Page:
The above incidence led the First Lady Hajiya Turai Yarâ Adua to come up with the initiative to establish the first dedicated International Cancer Center in Nigeria and West Africa in 2009 located in Abuja. The center was to be an internationally recognized center fully equipped and professionally staffed. It was to be wholly comprehensive and committed to promoting excellence in cancer related care (diagnosis and treatment), cancer prevention, cancer education, training and research (vanguard news). But the truth remains that the state of the hospital is currently nothing to write home that’s why Nigerians who could afford cancer treatment rapidly travel out of the country for oversea treatment on noticing any form of cancer changes [4].

According to vanguard news 2009, data from the World Health Organisation shows that 17 million new cases diagnosed per year will increase to an estimated 25 million cases per year by 2015. Nigeria with its population of 100 million in 1992 had an estimated 100,000 new cases per year. With the current population at 140 million (2006 census), it is expected that new cases would rise to about 500,000 per year by 2015.

Incidence of cancer in Nigeria (earlier data)

The earliest study from Nigeria on cancer was from the Ibadan cancer registry 1960-1969, there was higher rate of cancer in females with age standardized rates of 105.1 per 100,000 females and 78 per 100,000 male Edington and Maclean. In 1978,74.5 and 65.9 per 100,000 female and males respectively. In Zaria registry 1976-1978, 1575 cases were reported with 52% in females and 48% in males.

Twenty first century cancer incidence in Nigeria

2001-2005, data from Ibadan registry shows that there is an increasing incidence of cancer at 81.6 and 115.1 per100000 male and female respectively. 1n 1999-2004 at Kano registry, a total of 1001 new cases of cancer were recorded with male accounting for 50.3% while female accounted for 49.7% of the cases. Jos registry was not left out as in 1995-2002, 1162 and 1657 new cases were recorded respectively for both male and female patients with cancer of all types. Data from university of Benin teaching hospital shows that 2258 new cases were recorded in two years’ interval with female predominating while Calabar data shows that in 2004-2006, 588 new cases of cancer were recorded with male dominating with 50.9% while females had 49%.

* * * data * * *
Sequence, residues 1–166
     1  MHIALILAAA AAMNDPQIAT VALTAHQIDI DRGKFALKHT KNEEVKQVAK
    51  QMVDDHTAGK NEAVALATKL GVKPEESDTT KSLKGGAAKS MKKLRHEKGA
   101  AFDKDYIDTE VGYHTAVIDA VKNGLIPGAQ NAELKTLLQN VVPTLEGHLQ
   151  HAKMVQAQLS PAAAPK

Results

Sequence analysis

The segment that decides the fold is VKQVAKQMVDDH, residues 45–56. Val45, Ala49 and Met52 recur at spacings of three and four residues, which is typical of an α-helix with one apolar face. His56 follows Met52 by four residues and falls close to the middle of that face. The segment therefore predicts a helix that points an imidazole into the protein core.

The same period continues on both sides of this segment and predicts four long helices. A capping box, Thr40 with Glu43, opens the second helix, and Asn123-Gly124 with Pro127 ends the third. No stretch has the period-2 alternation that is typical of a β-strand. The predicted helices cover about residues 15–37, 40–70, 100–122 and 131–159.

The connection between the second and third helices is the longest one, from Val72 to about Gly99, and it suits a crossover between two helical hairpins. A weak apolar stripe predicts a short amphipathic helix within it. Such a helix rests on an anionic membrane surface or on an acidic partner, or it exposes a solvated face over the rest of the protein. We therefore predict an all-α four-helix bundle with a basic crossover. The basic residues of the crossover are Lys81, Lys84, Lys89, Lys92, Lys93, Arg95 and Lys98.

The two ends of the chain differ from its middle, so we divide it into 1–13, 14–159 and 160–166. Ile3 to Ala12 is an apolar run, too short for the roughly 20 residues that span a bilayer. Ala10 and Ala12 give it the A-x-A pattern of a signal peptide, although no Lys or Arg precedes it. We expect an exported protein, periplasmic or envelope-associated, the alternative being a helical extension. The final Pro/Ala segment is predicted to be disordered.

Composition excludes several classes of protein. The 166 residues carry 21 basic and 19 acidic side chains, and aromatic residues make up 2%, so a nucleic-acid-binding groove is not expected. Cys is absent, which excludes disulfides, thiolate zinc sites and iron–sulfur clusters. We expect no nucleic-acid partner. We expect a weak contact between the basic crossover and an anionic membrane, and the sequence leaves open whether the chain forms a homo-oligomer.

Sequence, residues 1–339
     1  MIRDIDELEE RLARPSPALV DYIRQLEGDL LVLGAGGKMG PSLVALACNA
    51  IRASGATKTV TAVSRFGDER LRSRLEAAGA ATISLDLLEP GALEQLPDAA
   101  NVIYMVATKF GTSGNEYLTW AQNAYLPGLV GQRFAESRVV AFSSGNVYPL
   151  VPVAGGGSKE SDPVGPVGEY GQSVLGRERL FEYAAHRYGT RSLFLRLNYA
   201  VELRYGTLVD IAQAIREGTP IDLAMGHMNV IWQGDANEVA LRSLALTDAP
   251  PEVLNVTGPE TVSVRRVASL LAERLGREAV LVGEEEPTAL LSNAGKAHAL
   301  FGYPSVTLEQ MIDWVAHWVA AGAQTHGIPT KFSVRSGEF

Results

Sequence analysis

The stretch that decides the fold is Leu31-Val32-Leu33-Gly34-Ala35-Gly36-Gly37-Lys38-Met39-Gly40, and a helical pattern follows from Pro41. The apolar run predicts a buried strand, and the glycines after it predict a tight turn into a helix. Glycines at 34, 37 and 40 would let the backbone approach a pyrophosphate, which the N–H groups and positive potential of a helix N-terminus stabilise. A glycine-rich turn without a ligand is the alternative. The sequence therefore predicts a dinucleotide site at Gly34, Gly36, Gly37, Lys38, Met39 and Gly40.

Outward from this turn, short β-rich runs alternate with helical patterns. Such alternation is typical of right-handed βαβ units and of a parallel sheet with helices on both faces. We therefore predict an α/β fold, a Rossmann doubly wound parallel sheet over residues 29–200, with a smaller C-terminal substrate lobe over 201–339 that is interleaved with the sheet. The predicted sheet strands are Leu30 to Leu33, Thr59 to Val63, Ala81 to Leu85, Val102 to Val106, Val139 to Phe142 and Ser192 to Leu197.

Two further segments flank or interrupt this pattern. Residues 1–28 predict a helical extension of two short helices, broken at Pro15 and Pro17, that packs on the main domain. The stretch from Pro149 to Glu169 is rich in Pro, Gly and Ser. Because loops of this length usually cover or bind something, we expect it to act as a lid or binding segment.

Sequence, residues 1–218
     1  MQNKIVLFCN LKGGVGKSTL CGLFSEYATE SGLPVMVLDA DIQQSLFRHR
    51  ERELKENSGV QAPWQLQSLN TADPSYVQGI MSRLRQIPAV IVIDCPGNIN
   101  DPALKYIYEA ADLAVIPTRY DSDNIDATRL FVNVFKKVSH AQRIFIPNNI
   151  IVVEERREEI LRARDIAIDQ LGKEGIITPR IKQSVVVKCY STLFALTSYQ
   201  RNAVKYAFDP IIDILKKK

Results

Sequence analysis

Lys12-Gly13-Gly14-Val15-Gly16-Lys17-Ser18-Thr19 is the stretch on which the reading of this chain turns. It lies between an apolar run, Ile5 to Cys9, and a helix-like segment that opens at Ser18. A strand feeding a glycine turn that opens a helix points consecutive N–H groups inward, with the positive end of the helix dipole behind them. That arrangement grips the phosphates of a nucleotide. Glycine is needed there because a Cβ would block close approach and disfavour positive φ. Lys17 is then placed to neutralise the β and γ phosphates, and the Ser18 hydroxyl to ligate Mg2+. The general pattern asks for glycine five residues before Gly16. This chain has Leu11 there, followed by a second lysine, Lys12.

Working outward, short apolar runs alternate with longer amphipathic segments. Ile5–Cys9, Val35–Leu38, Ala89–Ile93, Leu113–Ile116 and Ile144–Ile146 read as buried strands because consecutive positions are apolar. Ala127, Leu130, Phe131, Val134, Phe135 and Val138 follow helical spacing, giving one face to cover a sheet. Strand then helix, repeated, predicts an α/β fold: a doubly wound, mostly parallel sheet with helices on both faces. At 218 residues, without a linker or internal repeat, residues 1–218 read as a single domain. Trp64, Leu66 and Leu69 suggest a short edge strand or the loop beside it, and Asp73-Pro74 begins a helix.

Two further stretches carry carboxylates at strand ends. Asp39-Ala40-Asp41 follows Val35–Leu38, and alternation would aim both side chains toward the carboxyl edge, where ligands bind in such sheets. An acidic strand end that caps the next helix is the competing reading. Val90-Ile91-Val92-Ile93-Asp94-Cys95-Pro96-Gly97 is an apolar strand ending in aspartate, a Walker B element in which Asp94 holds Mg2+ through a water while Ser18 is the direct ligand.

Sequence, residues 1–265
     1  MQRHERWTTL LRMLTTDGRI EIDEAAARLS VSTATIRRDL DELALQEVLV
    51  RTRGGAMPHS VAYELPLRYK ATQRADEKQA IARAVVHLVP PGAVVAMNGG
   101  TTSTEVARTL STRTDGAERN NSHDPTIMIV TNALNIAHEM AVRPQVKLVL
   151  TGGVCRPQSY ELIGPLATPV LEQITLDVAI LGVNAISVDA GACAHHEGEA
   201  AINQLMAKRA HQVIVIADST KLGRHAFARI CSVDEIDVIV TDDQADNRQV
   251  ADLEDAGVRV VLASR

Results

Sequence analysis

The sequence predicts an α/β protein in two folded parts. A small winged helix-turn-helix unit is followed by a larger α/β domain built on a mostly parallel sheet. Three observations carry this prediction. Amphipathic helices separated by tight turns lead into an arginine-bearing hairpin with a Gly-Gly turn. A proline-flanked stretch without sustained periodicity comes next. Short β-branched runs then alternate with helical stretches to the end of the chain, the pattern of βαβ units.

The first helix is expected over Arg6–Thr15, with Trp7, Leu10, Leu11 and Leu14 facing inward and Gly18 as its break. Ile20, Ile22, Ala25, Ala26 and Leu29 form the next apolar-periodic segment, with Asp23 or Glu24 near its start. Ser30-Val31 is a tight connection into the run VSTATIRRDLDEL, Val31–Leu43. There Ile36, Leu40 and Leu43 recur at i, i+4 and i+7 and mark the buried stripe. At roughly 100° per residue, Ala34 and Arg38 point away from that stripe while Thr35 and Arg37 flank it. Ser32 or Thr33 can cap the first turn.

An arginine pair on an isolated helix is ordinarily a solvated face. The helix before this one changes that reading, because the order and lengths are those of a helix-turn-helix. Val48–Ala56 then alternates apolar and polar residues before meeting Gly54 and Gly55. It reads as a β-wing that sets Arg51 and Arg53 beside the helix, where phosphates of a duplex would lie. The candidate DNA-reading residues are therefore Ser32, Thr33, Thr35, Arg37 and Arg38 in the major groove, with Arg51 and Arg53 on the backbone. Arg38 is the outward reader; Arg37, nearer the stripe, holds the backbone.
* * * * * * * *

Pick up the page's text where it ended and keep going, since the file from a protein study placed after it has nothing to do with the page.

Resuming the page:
According to Oxford journal, annals of oncology, there were 12.4 million new cases of cancer and 7.6 million cancer related death worldwide, more than 2/3 of which occurred in developing countries especially African. Nigeria account for more than 50% of the 681000 new cases of cancer reported in Africa despite lack of data on the cancer status of most regions in Nigeria. In 2011, 200,000 new cases of cancer in Nigeria were revealed.

It was therefore projected that by the year 2030, 70% of new cases of cancers will be found in developing countries mainly African countries with Nigeria at the fore front possibly because of its population and poor health system.

According to WHO, cancer incidence in Nigeria was estimated at 90.7 and 100.9 per 10000 persons for male and female while the death rate was at72.2 and 76 respectively. This is extremely high compared to the cancer incidence in Ghana which was at 89.1 and 104.1 per 100,000. From the above findings, it is obvious that some regions of the country Nigeria have no national cancer registry or that it is not functional hence absence of data on cancer status of those regions. This is very bad and detrimental to the health of the individuals living in such regions.

In 2012, the following information was revealed about cancer in Nigeria: Population of Nigeria was 166.6 m, newly diagnosed cases of cancer were 102000, and people that died from cancer were 71,600. This is outrageous and calls for global intervention. This simply reflects that nothing reasonable has been done in Nigeria regarding cancer diagnosis, treatment and even prevention (global CAN 2012). Between 2012 till present no data is available on the status of cancer simply because of lack of registry centers in the country or nonfunctional state of the few that exist because they are not equipped and staffed.

Challenges of cancer treatment

The threat posed by cancer and cancer related diseases is increasingly becoming bigger problem in developing countries than human immunodeficiency virus (HIV)/acquired immunodeficiency syndrome (AIDS). The burden of cancer related health challenges in developing countries is currently approaching pandemic proportions. More than half of the 12.4 million estimated new cases of cancer in 2008 worldwide and two-thirds of the estimated 7.6 million cancer deaths occurred in developing countries [5].